North Carolina State Government - Cabinet Departments (2016)

North Carolina Department of Revenue

Mission Statement: To administer the tax laws and collect taxes due the State in an impartial, uniform, and efficient manner.

Jeff Epstein
Year Established: 1921
Phone Number: (877) 252-3052
Current Website:
Click Here
Number of Employees: Researching Number of Facilities: HQ + 10 Service Centers

501 North Wilmington Street
Raleigh, NC 27604

The Department of Revenue Includes:

The NC Department of Revenue works to administer the tax laws and collect the taxes due the State in an impartial, uniform and efficient manner. The agency provides tax assistance to individuals, businesses, and tax professionals through a toll-free number and local service centers. The Department of Revenue includes:

- Tax Administration
- Business Systems
- Internal Offices - Internal Audit Division, Legislative Liaison, Public Affairs, Office of Taxpayer Advocate, Human Resources, Information Technology, Chief Financial Officer (CFO), Chief Operating Officer (COO).

Internal Offices

NC Statute Authority for the Department of Revenue

The Department of Revenue is authorized by General Statute 143B, Article 4, Paragraph 143B-366:

"There is hereby recreated and reestablished a department to be known as the Department of Revenue with the organization, duties, functions, and powers defined in the Executive Organization Act of 1973."

Click Here to view the entire Statute, which describes in greater detail all of the functions of the Department of Revenue.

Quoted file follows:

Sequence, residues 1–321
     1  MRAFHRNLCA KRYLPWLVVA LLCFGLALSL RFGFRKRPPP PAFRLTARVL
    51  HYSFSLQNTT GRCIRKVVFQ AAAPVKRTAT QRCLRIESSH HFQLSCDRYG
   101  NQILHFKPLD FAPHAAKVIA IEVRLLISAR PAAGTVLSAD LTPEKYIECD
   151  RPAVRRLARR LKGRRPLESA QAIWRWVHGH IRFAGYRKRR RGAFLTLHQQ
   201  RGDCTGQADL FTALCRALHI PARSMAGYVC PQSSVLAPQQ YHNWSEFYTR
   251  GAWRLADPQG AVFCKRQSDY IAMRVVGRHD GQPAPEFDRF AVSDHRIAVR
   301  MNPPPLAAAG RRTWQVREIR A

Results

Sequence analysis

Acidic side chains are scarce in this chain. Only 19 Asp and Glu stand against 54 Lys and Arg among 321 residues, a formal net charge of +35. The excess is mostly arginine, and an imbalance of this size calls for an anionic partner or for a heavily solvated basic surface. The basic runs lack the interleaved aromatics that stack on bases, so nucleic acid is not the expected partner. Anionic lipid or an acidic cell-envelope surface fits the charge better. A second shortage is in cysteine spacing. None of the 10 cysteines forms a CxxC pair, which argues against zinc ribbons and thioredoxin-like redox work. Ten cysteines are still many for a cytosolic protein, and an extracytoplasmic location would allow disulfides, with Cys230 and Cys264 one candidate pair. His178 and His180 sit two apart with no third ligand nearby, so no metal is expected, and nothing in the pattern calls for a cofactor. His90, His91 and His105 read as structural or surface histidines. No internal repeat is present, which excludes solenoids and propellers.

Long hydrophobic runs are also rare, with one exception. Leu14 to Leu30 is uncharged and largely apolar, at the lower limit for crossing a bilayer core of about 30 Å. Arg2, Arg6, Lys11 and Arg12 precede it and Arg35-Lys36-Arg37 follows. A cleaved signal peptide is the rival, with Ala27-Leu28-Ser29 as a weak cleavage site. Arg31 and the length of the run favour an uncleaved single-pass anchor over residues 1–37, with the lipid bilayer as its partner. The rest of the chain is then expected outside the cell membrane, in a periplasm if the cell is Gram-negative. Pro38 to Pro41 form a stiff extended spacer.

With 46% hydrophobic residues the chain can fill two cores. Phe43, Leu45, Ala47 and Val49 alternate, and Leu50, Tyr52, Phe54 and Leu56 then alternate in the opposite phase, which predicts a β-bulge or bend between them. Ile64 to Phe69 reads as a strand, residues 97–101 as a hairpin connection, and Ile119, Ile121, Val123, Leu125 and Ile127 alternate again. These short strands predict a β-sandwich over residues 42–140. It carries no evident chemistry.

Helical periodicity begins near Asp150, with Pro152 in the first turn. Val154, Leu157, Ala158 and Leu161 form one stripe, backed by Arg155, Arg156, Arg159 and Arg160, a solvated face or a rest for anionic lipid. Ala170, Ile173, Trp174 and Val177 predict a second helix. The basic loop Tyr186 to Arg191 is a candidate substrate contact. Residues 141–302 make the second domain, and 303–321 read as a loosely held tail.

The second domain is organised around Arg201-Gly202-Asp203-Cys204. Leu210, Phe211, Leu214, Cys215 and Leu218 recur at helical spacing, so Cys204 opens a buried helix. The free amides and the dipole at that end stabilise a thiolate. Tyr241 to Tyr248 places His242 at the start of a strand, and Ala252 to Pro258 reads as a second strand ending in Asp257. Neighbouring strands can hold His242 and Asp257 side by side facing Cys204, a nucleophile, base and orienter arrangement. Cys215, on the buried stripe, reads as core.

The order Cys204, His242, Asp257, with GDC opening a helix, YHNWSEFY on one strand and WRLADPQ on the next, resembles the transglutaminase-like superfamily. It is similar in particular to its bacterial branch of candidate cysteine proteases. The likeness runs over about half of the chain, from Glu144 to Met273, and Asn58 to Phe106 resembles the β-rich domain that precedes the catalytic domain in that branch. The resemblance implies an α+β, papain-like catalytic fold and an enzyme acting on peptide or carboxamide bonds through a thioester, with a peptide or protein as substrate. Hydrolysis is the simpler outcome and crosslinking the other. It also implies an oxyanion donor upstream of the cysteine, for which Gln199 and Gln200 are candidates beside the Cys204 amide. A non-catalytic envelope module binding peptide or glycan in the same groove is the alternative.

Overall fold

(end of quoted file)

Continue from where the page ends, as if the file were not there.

History of the Department of Revenue:

From the Department of Revenue's Website (with minor edits):

North Carolina's Department of Revenue was created by the General Assembly in 1921, making it one of the first in the United States. That year, the legislature approved a comprehensive net income tax in response to growing dissatisfaction with the state’s tax structure and independent recommendations from two study groups. The Department of Revenue was created to administer, enforce, and collect the newly-created income tax.

In May of 1921, the Department had sixteen (16) employees. By the end of the fiscal year, that number had grown to thirty (30) and the Department had collected just over $3 million in income and inheritance taxes.

In the following decade, the Department grew as it was assigned the tax collection duties formerly held by other state government agencies, such as assessment and collection of the franchise tax -- jobs formerly performed by the State Auditor and Treasurer -- in 1923. The Department also took on the duties of collecting license taxes and collecting taxes on insurance companies.

The General Assembly also moved the Motor Vehicle Bureau -- which administered automobile license taxes, the gasoline tax and the bus and truck franchise tax -- to the Department.

Throughout the 1930s, the Department's responsibilities and its staff continued to grow. A new unit was created to administer the sales tax, which went into effect in 1933, around the same time the Department became responsible for the new beverage tax.